Last November, 25 students at the University of California, Los Angeles (UCLA) staged a demonstration during a class taught by Professor Val Rust, claiming that he contributed to a hostile environment for students of color through “micro-aggressions -- subtle or even subconscious digs at minorities. The Foundation for Individual Rights in Education (FIRE), where I work, often reminds folks that the correct response to expression that one finds hurtful or offensive is more speech. But by effectively shutting a class down, the students executed a “heckler’s veto,” a form of censorship that detracts from, rather than contributes to, the “marketplace of ideas.”
During the demonstration at UCLA, students shared their experiences of racial hostility at the school. But while some allegations described actual harassment -- conduct that the school has a legal and moral obligation to prevent -- one student argued that Rust created a hostile climate in his class by simply correcting “perceived grammatical choices that in actuality reflect ideologies” and requiring students to use The Chicago Manual of Style. Last week on FIRE’s blog, The Torch, I explained why UCLA cannot and should not take action to punish or censor students and faculty for these or similar “microaggressions.”
One troublesome aspect of this incident is that it demonstrates a mistaken belief that halting class was a commendable choice for students who wished to speak out against micro-aggressions. Inside Higher Ed reported that class was suspended for an hour by the sit-in. During that time, the protesting students decided that their peers should not have access to the course material that they paid for, and Rust was not able to teach his course. The protesters didn’t add their speech to a discussion; they used it to silence other speech. The students were not exercising their rights to free speech, but instead censoring their professor.
UCLA is not the only school to struggle with the “heckler’s veto” -- situations in which listeners who are offended take action to prevent others from hearing constitutionally protected expression. In October, for example, New York City Police Commissioner Ray Kelly was prevented from speaking at Brown University when students who objected to his policies drowned out his speech. The students could have created a dialogue, forcing Kelly to defend himself in the question-and-answer session scheduled to follow his presentation. Instead, no conversation took place, and Kelly simply left. As my colleague Will Creeley wrote:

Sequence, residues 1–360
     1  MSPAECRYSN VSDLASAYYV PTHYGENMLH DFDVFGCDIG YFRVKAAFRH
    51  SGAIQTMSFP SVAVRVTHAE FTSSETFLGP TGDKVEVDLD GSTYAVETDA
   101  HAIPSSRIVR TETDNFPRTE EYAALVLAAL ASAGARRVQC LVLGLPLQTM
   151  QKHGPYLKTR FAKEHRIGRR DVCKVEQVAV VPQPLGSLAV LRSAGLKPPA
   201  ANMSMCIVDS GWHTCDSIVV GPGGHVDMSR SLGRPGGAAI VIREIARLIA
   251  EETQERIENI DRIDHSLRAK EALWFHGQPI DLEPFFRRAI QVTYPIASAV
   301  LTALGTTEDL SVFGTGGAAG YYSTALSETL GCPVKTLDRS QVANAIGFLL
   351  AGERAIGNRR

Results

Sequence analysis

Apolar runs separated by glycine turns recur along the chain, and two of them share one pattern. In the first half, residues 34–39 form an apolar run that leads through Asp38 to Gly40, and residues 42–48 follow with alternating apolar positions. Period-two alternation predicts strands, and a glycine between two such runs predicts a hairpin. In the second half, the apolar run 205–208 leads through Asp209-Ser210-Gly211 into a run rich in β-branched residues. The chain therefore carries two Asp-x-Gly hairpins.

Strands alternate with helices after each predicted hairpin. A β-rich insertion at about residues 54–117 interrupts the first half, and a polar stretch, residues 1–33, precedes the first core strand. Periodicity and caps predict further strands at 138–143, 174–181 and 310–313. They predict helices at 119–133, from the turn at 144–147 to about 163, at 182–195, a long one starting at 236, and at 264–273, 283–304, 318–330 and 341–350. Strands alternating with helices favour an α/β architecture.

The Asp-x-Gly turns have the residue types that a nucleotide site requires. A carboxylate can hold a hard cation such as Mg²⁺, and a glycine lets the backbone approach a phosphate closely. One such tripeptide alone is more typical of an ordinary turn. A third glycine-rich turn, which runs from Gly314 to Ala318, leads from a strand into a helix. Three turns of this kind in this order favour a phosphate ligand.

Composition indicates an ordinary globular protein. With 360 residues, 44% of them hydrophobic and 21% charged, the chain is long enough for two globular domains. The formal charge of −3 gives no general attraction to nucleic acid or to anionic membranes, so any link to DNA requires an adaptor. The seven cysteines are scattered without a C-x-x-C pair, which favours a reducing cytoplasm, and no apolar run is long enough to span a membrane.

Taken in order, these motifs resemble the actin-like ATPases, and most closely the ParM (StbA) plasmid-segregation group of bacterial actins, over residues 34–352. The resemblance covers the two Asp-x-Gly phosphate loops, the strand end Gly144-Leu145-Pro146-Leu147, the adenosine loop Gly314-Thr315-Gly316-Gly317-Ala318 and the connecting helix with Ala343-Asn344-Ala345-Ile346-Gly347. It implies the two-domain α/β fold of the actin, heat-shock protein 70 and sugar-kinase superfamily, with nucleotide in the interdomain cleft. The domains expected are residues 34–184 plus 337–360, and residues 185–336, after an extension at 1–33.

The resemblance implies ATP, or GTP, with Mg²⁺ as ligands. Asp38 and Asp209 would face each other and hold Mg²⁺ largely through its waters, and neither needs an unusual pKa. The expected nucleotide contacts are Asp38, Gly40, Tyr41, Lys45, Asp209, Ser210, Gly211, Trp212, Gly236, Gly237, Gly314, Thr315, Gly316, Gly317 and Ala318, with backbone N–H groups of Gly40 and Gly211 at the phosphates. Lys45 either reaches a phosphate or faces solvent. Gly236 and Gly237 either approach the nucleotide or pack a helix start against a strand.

Silencing another’s message by sheer volume and force is an exercise in censorship. There is no First Amendment right to shout down a viewpoint with which one disagrees, no matter how deeply felt one’s opposition. As the Supreme Court of the United States has made plain, the “right to receive information and ideas, regardless of their social worth, is fundamental to our free society.” Stanley v. Georgia, 394 U.S. 557, 564 (1969) (citation omitted). Justice Thurgood Marshall eloquently explained that “[t]he freedom to speak and the freedom to hear are inseparable; they are two sides of the same coin.” Kleindienst v. Mandel, 408 U.S. 753, 775 (1972) (Marshall, J., dissenting). To deem oneself the arbiter of what speech may and may not be heard by others is a breathtakingly arrogant act.
These are precisely the principles that UCLA students and administrators must keep in mind.
A case at Washington State University provides a more literal example of the heckler’s veto. In 2005, WSU administrators paid for students to attend student Chris Lee’s satirical production Passion of the Musical and disrupt the performance by shouting that they were offended. Following the school’s directions, the students forced the play to a halt. After FIRE wrote twice to WSU explaining that disruption wasn’t a “responsible” exercise of free speech (as WSU’s president had claimed), the school eventually reversed itself, stating before Lee’s next production that “disruption to [the] performance, or any program will not be tolerated.”
Of course, because different people will find different ideas offensive, there is no way to predict what speech offended students might decide to silence next. After all, some people may find The Chicago Manual of Style offensive; some may find historian Howard Zinn offensive; still others might be offended by this blog post. If all students silenced others based on their subjective opinion, very little would be left, and higher education’s central purpose -- exposure to new ideas -- would be impeded. Students would miss out on the opportunity to persuade others or be persuaded, or even simply to learn to defend their own viewpoints.The subjective nature of offense and the damaging effects of censorship are even greater when the alleged offenses consist of micro-aggressions, which can be committed without the speaker or even the target of the speech realizing it.
The First Amendment prohibits UCLA and other public institutions from censoring expression unless it falls into one of just a few narrowly-defined unprotected categories, and public colleges have a duty to ensure that all members of the school community can enjoy their right to free expression. Students should make efforts to support the school in that goal; after all, the actions that students take to silence others have a detrimental effect on the “marketplace of ideas” that is central to our nation’s colleges and universities -- and there’s no telling who will be silenced next.